All Insurance is created equal.
Fact: Insurance in the tree industry is very expensive, especially workers’ compensation. Companies often do not carry proper insurance to protect you from liability, and some will stretch the truth to convince you everything is covered when they are under insured and many are unaware of what coverage is needed.
Remember, where a lot of money is involved, there is a lot of motivation to bend the truth. Do your own research and get certificates of insurance directly from the insurance company. No one should ever be offended or hesitant when you ask for proof of insurance!
It is much cheaper simply to print “fully insured, workers’ compensation and liability insurance” on a card or ad than it is to buy coverage. This deception is made especially easy and profitable because very few customers actually check to see if insurance is in place until after an accident happens. Please do your homework and ask your lawyer.
Workers’ Compensation is the most expensive and the most necessary insurance. It covers injuries that tree company employees or owners suffer at work. This is the only real protection you can have from the liability of someone being injured while working on your property. There is no substitute for it!
Without workers’ compensation, tree companies are still legally required to take responsibility for work injuries, but you-the property owner-are next in line. If you hire a contractor who has no workers’ compensation, you must pay the bill if an employee is injured and the owner can’t pay it all. You may sue the contractor to recover damages, but meanwhile you have to pay for the injured person’s medical bills, lost wages and other costs associated with the injury. Needless to say, it’s no fun.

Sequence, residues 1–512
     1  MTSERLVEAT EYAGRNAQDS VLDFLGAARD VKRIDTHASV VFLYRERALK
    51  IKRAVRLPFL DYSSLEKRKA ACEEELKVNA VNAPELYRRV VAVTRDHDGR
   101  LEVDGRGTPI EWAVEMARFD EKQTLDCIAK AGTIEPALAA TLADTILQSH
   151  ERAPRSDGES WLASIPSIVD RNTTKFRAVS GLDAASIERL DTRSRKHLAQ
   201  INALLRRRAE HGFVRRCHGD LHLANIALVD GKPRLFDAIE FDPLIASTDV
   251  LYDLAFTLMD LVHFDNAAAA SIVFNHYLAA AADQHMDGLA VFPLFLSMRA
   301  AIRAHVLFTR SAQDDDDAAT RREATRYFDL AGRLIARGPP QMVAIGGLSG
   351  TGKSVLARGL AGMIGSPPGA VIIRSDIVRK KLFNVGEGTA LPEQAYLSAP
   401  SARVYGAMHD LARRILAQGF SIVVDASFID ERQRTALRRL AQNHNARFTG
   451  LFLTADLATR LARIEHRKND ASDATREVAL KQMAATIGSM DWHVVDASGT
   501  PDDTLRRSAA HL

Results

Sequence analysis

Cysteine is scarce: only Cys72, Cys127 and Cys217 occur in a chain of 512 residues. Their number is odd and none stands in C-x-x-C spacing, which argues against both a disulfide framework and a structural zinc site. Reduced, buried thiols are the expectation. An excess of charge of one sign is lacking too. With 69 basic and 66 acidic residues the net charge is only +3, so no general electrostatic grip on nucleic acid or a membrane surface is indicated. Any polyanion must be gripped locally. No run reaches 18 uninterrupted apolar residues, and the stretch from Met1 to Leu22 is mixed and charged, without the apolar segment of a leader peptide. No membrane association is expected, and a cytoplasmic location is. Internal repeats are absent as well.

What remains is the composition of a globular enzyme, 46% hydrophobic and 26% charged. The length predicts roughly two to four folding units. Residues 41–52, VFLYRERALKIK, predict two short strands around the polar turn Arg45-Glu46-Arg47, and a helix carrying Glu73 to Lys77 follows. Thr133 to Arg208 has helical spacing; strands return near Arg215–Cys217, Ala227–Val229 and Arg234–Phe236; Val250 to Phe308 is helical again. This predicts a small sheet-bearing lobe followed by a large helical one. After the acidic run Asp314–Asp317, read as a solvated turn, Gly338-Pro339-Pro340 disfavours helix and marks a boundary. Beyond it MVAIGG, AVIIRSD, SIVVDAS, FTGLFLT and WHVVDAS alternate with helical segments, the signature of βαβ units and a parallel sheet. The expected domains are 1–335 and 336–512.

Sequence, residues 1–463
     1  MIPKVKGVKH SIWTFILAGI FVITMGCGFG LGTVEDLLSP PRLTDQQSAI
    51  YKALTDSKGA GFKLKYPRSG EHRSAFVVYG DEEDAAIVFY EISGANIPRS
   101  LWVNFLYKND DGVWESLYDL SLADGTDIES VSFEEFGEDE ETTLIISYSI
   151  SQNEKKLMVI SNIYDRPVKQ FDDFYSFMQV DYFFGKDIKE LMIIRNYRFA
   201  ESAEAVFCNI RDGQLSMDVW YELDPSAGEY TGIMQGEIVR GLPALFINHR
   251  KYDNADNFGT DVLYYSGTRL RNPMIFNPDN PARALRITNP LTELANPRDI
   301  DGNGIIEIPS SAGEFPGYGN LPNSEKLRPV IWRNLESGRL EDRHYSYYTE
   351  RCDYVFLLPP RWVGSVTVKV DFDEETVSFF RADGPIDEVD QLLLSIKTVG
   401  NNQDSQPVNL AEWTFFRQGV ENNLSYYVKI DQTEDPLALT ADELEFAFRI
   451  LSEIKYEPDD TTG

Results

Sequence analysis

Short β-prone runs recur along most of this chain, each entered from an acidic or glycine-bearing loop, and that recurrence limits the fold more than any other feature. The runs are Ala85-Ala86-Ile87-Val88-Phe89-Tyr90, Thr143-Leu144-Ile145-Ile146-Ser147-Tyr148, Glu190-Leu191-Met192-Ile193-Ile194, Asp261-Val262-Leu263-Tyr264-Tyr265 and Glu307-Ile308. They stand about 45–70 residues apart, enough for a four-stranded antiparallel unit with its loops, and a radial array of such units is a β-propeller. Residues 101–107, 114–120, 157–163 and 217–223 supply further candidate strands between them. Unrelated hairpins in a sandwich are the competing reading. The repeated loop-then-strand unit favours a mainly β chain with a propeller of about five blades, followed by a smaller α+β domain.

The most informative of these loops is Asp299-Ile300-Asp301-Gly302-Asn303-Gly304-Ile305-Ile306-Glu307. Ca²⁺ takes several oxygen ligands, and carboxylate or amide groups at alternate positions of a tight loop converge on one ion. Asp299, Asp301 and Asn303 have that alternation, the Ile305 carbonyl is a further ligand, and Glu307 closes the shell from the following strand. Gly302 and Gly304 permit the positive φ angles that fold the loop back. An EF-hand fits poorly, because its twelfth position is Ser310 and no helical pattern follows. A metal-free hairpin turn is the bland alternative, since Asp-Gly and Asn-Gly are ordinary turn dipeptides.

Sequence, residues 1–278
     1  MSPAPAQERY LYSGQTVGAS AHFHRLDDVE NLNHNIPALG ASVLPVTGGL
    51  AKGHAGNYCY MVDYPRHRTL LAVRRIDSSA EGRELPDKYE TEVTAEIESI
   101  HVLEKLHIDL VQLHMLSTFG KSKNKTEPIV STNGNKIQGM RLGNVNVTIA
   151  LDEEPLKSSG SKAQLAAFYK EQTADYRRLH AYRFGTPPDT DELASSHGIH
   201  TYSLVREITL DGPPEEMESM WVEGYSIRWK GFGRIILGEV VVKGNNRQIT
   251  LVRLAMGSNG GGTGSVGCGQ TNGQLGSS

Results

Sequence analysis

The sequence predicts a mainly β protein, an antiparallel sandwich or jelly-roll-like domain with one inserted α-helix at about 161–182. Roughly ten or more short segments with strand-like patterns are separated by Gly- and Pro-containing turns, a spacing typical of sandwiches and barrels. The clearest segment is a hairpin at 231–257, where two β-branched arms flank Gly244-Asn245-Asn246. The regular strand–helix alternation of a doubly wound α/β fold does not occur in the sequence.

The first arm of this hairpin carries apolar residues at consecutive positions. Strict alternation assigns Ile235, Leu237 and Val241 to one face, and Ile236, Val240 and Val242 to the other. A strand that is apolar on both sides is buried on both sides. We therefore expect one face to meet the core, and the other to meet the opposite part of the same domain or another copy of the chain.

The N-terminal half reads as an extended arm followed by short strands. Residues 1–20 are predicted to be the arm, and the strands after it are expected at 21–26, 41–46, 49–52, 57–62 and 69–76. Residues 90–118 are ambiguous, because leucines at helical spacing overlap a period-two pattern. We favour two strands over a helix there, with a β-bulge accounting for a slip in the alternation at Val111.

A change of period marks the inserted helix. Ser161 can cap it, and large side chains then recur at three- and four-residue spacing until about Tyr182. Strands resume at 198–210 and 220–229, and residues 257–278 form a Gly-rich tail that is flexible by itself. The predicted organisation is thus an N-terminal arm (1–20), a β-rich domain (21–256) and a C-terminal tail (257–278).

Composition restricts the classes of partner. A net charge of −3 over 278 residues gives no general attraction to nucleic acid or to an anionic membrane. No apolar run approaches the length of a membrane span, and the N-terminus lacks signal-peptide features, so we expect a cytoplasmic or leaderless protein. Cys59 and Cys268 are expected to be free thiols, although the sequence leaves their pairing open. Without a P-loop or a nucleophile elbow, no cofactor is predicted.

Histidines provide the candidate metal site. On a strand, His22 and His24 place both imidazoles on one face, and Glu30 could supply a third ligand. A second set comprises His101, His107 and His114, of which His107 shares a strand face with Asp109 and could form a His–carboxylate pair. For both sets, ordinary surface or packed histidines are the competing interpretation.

Workers’ comp tricks to watch out for:
- Some tree contractors claim they do not need workers’ comp because they have fewer than five employees. It is true that the law doesn’t require workers’ comp for non-construction businesses with less than five employees. But that will come as little comfort when liability bounces straight to you after the company owner is or claims to be unable to pay for the injury of a worker.
- Another myth you may hear is that workers’ comp is not needed if the owner is the only employee. If the owner is injured and can’t pay, you are just as liable. Additionally, no one should ever do tree work alone, as this greatly increases the chance of severe injury or death.
- One trick is to carry workers’ comp on only one employee working at least 20 hours a week. This saves a tree company huge amounts if it employs several workers because workers’ comp premiums are based on pay role. A valid insurance certificate is meaningless if most employees are being paid “under the table” as subcontractors with no insurance.
General Liability Insurance protects the customer’s property. It would pay, for example, to repair the damage if a tree fell on your house. General liability covers neither injuries suffered by tree workers nor accidents involving any on-road vehicle. For instance, if someone fell from a tree and broke his back on your property, general liability offers no protection. (Some policies do have a rider covering $5,000 of on-the-job injuries. But as you probably know, a single visit to the emergency room can far exceed $5,000.) Also, if someone were to back a truck into your house or collapse your septic tank, general liability would be of no help.
Bonded: A bond is a written guarantee backed by a financial institution to ensure a job will be completed. Bonding is generally used only for large projects such as contracts with VDOT or Virginia Power Company. For a bond to mean anything, the customer must have a valid copy of it. If a company claims to be bonded but does not give you a copy of it for your specific job, being “bonded” offers you no protection at all.